The former Bonwit Teller building on Fifth Avenue nicely complimented the adjoining Tiffany Building before Tiffany's chairman, Walter Hoving, made an uninspired four-story addition to it. 

In contrast, nothing about Trump Tower is modest.

We may rightly lament the passing of Bonwit Teller and the other great bastions of retail elegance such as DePinna and Best & Company that have disappeared from Fifth Avenue. Once the great Savoy Plaza Hotel was demolished to make way for the General Motors Building and once Sheldon Solow built his sloping skyscraper at 9 West 57th Street, the low-rise, turn-of-the-century and Jazz Age-ambiance of this part of town was transformed into a melange of the old and the new.

Without Trump Tower, however, the nearby former IBM Building and the Sony Building across the street, might not have been developed.

The "Plaza" office district is now the city's best and most desirable and that can be largely attributed to this project.

Trump Tower, which was completed in 1983, and the former IBM tower in fact present a superb modern ensemble on this block, especially as they are diagonally positioned from each other. 

It is too bad that Trump did not use his public relations talents to dissuade IBM from closing its wonderful "gallery" that played host to many important art exhibitions, as well as providing yet another amenity for Trump Tower residents, in its short life.

Trump Tower's public Fifth Avenue Tower lobby's polished, regally rosy granite walls and floors and polished brass vitrines and "T"-shaped stanchions are lavishly bright and amusing and manage to just miss being outlandish. The "T" logo of the stanchions and vitrines is different from the inlaid Trump Tower seal on the slight ramp of the wide Fifth Avenue entrance. The inconsistency of the logo styles is not as puzzling as why immodest Trump chose not to employ them more often, such as in the skylight over the waterfall. 

Lobby floor seal

Lobby floor seal

The ramp in the lobby is an excellent alternative to steps and enhances the notion of descending entrance and ascending exit. The office elevators are located in this lobby, but the residential condominium apartments have their own, separate, more sedate entrance on 56th Street.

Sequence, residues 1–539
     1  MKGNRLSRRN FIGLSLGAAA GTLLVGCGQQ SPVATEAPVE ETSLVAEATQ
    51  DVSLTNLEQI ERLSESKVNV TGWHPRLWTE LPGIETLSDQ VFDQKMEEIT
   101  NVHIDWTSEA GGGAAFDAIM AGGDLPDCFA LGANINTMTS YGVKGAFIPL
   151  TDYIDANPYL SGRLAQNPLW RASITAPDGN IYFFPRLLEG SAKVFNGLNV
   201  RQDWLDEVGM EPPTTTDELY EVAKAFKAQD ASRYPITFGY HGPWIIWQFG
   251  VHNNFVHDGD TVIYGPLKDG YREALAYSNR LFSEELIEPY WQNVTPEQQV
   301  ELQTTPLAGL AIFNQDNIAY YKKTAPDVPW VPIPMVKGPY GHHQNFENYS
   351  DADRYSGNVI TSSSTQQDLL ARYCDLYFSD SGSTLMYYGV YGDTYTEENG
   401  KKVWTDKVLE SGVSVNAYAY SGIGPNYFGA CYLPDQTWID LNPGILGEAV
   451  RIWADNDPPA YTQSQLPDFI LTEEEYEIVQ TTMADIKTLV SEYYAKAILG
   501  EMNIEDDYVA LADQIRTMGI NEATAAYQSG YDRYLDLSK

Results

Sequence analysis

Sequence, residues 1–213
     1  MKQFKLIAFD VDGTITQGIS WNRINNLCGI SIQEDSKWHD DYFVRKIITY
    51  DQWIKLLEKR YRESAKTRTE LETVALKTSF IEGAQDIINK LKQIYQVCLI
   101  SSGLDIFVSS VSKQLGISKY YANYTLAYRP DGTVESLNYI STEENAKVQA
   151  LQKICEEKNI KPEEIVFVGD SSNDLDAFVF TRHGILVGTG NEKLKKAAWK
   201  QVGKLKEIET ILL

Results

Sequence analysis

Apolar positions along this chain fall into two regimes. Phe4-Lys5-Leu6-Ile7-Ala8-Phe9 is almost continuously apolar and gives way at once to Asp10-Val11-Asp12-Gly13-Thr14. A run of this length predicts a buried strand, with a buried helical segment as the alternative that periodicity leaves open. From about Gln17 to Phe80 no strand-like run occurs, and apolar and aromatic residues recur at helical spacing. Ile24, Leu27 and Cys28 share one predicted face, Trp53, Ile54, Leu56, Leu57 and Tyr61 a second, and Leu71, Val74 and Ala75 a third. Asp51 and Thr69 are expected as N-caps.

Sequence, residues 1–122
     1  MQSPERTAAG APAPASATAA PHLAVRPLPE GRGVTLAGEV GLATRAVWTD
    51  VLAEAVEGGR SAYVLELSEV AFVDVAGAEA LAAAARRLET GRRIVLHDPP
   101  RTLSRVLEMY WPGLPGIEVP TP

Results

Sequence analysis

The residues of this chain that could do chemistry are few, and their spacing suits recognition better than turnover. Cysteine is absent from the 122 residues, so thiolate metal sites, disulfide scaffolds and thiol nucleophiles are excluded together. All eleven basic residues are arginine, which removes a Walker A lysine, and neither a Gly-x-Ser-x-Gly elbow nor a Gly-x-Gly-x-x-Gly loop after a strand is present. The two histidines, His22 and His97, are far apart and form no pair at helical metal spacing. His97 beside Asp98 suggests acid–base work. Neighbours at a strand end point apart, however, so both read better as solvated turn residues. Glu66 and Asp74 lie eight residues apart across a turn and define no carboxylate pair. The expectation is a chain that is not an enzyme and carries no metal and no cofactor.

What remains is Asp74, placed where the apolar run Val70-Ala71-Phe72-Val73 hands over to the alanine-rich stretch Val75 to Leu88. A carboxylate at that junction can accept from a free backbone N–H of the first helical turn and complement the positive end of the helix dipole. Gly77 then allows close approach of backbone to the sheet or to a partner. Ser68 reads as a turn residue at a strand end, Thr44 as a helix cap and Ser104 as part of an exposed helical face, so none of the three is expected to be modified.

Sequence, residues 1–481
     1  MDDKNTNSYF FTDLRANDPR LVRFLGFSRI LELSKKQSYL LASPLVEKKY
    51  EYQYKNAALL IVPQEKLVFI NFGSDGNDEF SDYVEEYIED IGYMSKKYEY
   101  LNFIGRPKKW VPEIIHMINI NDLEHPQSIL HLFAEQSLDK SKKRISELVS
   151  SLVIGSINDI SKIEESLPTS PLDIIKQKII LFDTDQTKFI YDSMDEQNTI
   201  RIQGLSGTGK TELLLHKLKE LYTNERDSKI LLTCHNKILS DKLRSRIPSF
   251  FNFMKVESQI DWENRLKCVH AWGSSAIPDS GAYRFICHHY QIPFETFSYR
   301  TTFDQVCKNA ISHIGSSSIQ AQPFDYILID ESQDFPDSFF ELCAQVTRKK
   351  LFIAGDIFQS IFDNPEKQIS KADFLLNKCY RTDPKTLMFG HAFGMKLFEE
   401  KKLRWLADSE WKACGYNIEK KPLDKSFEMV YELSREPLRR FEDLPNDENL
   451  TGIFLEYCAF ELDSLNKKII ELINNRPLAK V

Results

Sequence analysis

The concept of an inner-city, vertical shopping mall has had rough going since the initial success of WaterTower Place in Chicago. This is one of the world's finest and most expensive retail locations and since it was built many other landlords have opted for larger, two-level retail spaces.

Public restrooms are in short supply in midtown and where they have been included, often mandated by zoning laws, they are often secluded to discourage use. At Trump Tower they are tucked away on the lower level of the atrium down the south corridor, but they are worth the trip for the angled marble entrance is one of the best designs in this project.

Entrance to public restrooms

Entrance to public restrooms on lower level

The project's glitz is muted by its impressive monumentality. Fifth Avenue's legendary limestone detailing had long before been blunted/bashed/interrupted by Olympic Tower several blocks to the south and the high-rise quality of Trump Tower is perhaps the best in midtown.

Trump opposed the plans of Alfred Taubman and Edwin Minskoff to erect a tall tower at 712 Fifth Avenue across from his tower, presumably because it might interfere with some midtown views in many apartments. The other tower got built anyway and is one of the city's best and Trump Tower has hardly suffered as most of its apartments have stunning vistas, and prices. Trump maintains his office here as well as occupying the penthouse opulently designed by Angelo Donghia.